"The Rule of Benedict"
Chapter 53: On the Reception of Guests
"I came as a guest, and you received Me" (Matt. 25:35)
Something Must Have
Happened to Adam Falcon
November 21, 2004
The last time anybody remembered seeing 20-year-old, St. Lawrence University soccer player, Adam Falcon, he was leaving the "Tick Tock Inn" very early on the morning of November 13. Teammates immediately knew something had gone terribly wrong when Adam failed to show up for a championship soccer game that Saturday afternoon. It just wasn't like him.
"Never once has this happened. I mean this is a total shock to all of us. I mean like I said, he's a great guy, and we knew he wouldn't miss this game for the world," said Adam's teammate Ryan O'Dowd. "So something must have happened."
The coach and players began looking for Adam right away, and soon, hundreds of people were involved in the search. But despite the best efforts of family, volunteers, police, divers and dogs, all that was found of Adam Falcon was his hat and his cell phone -- discovered on the steps of a rectory.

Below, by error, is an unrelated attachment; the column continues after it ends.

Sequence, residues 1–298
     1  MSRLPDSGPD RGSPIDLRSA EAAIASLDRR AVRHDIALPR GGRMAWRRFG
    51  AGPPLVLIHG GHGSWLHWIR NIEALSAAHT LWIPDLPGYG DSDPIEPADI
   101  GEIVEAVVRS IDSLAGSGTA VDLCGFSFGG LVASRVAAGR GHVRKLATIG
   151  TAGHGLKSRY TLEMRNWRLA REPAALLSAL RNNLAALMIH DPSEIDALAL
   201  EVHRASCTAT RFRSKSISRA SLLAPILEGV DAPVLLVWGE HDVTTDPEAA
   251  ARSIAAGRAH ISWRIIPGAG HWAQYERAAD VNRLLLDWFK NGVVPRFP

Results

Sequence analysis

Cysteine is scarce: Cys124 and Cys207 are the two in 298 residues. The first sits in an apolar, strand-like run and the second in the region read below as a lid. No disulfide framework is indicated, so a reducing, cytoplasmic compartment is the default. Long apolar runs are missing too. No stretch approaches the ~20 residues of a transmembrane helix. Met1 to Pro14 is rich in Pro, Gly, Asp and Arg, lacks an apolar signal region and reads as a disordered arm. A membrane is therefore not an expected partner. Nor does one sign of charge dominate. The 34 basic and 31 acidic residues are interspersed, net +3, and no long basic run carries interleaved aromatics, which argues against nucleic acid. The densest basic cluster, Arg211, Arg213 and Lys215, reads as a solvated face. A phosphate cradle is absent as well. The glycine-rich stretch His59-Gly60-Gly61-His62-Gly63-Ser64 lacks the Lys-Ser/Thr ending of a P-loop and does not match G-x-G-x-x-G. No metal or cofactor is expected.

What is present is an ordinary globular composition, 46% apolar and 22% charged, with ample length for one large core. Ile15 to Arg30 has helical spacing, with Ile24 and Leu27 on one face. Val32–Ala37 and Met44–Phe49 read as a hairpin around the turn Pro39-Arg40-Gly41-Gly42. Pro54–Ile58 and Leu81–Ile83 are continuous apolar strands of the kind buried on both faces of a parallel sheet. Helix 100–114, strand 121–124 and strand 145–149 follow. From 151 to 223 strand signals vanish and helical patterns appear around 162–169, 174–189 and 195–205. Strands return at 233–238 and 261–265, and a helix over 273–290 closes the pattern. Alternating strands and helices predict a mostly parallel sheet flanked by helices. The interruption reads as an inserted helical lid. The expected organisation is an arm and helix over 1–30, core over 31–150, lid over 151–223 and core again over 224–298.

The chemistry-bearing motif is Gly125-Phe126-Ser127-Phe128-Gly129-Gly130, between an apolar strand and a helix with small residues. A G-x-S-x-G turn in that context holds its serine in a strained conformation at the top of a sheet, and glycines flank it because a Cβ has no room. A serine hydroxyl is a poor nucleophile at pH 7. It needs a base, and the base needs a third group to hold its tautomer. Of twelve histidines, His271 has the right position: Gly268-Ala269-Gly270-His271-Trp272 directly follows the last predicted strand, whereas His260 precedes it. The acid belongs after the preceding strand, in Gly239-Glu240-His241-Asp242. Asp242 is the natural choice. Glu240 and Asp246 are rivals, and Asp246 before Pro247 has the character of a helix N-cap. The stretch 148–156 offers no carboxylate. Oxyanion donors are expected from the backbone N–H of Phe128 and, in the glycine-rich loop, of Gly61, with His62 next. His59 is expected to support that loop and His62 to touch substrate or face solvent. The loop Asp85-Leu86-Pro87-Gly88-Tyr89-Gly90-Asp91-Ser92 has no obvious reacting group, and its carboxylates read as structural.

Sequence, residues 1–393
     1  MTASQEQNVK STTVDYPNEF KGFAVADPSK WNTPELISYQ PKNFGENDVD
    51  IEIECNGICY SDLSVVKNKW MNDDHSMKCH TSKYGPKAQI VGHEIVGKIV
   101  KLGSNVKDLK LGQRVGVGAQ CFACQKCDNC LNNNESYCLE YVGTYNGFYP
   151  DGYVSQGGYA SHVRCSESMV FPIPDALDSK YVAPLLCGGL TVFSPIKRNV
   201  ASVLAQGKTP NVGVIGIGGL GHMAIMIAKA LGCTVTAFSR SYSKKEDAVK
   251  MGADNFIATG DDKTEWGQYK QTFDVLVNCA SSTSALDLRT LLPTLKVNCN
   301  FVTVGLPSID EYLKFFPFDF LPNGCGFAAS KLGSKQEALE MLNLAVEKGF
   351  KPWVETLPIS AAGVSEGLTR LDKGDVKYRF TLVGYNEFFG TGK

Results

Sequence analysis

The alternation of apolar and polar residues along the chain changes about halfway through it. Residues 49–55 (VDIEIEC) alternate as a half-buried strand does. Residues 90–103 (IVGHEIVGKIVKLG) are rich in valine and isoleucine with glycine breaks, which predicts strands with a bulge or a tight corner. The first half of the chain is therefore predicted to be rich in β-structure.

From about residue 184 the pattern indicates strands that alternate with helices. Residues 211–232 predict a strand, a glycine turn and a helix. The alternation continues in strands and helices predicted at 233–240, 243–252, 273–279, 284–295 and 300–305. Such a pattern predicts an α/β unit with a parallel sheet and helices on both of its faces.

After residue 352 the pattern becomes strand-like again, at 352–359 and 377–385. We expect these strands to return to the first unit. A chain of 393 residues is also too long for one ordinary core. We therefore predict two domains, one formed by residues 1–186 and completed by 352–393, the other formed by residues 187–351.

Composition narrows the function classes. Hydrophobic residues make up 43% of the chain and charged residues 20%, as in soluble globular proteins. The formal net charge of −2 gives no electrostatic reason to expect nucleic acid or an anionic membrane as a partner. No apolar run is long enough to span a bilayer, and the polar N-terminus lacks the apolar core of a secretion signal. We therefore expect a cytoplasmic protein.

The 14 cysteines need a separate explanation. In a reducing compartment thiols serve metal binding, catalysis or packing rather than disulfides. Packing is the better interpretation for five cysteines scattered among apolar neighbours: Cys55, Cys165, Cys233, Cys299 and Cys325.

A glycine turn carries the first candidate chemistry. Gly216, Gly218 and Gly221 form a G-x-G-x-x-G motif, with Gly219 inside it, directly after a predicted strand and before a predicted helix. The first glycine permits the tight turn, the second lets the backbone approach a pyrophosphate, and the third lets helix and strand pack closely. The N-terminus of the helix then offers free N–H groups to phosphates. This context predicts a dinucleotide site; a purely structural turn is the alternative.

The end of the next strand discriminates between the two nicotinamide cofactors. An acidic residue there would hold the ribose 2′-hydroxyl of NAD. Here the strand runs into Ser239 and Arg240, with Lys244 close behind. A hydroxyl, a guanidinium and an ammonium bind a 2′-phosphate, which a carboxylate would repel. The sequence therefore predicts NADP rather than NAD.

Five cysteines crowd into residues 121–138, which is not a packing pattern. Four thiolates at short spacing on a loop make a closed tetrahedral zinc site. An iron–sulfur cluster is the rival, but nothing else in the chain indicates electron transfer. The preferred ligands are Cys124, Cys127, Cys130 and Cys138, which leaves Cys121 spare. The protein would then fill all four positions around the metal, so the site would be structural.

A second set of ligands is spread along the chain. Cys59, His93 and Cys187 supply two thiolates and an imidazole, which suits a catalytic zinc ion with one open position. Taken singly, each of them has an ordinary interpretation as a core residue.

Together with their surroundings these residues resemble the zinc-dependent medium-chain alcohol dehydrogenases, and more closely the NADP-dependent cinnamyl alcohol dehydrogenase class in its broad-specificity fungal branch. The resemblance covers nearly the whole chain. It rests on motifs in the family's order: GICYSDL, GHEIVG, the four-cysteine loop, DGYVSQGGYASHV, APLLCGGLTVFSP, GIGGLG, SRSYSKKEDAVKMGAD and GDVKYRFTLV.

The search for Adam or clues to his whereabouts went on for five desperate days. Then on Thursday, November 18, the mystery of the missing music major came to a shocking end. Adam Falcon's body was found submerged in the Grasse River in St. Lawrence County -- about a quarter of a mile upstream from the "Tick Tock Inn."
What could possibly have happened?
Autopsy reports indicate that Adam's death was an accident of some sort, and that he died from "asphyxiation due to drowning and hypothermia." St. Lawrence County DA Jerome Richards says, "There is no indication of foul play."
However, the exact cause and manner of death have not been determined and according to NEWS 10 NOW, investigators in Canton are "still trying to get information from people about the sequence of events" prior to the strange drowning in order to find out what it was that must have happened to Adam Falcon.
student, party, missing, river, dead
Missing Chris Olberding
been missing since Saturday, October 2, 2004. After he'd left a party
in Green Township, the University of Cincinnati freshman was no where to
be found. He was gone, and so was his car.
The Cost of Doing Nothing
In the first civil suit to be filed in any of the Midwest missing student drownings, La Crosse and the University of Wisconsin-La Crosse have been accused of contributing to the drowning death of Jared Dion.
Authorities from the city and college immediately and repeatedly blamed Dion's strange disappearance and death on a dangerous combination of the open bank of the Mississippi River and student binge drinking.
So be it.
Seeking $250,000, parents, Bryan and Kim Dion, and brother, Adam, state in a notice of claim that the college encouraged binge drinking with repeated school newspaper ads for drink specials at downtown bars -- and that the city encouraged binge drinking by offering free rides to bars using what students call, "the drunk bus."